Voodoo Museum

I have been to New Orleans plenty of times, but this was my first visit to the Voodoo Museum, which is pretty lame of me since it is in the French Quarter and most of my excuse for not doing things is, “I didn’t set foot outside the Quarter”. But Voodoo has always scared me.

Upon entering the building, I was greeted my a very nice man with a very thick southern accent that gave me the short-short version about how voodoo came to the U.S. with the enslaved people from west Africa. Of course they weren’t allowed to practice their own religion, but they found enough similarities between voodoo and Catholicism to be able to hide it in plain site. The nice man continued on to say that voodoo traditions deal mostly with calling upon the spirits for good things like love and good luck and prosperity and it is really only Hollywood that makes it scary and evil. Then for five bucks I went back to see the artifacts. The nice man said that I could take pictures.

This is an alter to Papa la Bas, who seems to correspond to St. Peter:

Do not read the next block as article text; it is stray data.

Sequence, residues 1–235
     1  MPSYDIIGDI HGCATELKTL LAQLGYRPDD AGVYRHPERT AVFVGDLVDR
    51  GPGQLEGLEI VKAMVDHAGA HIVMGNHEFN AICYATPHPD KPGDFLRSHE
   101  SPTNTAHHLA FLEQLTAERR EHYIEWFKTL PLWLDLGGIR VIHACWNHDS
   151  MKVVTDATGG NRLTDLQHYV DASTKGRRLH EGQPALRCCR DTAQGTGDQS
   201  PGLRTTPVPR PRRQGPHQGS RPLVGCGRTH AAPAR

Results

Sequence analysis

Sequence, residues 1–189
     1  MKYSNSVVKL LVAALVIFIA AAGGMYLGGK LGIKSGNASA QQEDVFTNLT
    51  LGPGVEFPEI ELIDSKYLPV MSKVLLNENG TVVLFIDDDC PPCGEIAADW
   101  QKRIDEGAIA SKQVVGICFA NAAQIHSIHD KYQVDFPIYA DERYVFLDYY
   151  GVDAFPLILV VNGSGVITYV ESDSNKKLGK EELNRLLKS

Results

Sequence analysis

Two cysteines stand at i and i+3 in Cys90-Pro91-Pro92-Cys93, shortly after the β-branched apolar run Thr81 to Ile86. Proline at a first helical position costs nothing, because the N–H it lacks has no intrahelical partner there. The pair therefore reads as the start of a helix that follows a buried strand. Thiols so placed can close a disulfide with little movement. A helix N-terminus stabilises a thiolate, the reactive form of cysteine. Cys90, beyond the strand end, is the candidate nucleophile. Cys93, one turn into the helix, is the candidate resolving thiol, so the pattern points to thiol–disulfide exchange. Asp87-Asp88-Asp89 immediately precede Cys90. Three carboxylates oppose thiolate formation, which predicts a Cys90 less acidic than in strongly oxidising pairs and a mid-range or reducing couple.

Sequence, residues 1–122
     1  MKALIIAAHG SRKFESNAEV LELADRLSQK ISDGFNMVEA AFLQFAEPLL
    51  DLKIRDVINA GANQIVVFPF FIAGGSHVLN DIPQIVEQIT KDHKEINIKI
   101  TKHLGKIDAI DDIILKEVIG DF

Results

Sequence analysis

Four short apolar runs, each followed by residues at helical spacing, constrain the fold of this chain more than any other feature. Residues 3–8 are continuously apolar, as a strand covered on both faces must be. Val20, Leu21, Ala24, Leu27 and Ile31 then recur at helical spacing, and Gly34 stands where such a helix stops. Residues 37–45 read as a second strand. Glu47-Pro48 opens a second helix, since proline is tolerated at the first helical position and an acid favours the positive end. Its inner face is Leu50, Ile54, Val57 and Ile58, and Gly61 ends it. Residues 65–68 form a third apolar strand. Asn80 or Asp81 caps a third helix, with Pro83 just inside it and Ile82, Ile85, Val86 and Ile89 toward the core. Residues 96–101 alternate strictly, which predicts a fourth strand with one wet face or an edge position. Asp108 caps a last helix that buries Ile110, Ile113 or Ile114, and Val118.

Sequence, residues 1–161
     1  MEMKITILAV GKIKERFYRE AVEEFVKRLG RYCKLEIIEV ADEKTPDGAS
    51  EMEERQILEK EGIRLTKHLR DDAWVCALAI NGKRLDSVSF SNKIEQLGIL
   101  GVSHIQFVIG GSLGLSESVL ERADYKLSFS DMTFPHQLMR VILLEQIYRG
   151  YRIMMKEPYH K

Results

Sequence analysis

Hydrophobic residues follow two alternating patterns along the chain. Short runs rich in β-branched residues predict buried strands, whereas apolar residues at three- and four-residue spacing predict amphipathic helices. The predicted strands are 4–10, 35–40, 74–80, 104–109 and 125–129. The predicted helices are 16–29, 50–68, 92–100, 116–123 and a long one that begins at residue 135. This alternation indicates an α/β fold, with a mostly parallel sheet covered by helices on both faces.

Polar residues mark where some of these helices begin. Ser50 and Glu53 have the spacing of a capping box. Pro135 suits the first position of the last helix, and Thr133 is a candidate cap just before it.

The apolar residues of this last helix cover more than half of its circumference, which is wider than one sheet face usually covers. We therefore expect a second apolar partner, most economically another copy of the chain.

Then there was the man with the alligator head, surrounded by lots of bones:

At his feet was another alter-like display. I forgot its significance:

They had a wishing stump with instructions and everything. I considered using it, but you have to write your wish on a piece of paper and leave it in the stump. I can’t think of anything more embarrassing that having my wish read and mocked by a voodoo queen.

Anyway. I was all about the beauty of hiding one’s faith in the traditions (superstitions?) of Catholicism. But I don’t see why it requires so many carcasses. I didn’t even take pictures of the worst ones, but when my friend Rich tried to tell me that it all made sense because Catholicism was all about a gruesome medieval torture device, I countered that a model of a crucifix was not the same as have an actual petrified cat hanging from the wall.

On the way out, there were voodoo dolls and books. And snakeskins and chicken feet. And I saw a sign in the window that suggested the nice man that gave me the short history was also a practitioner available for consultation.

Then I got the hell out of there and went for some iced coffee.

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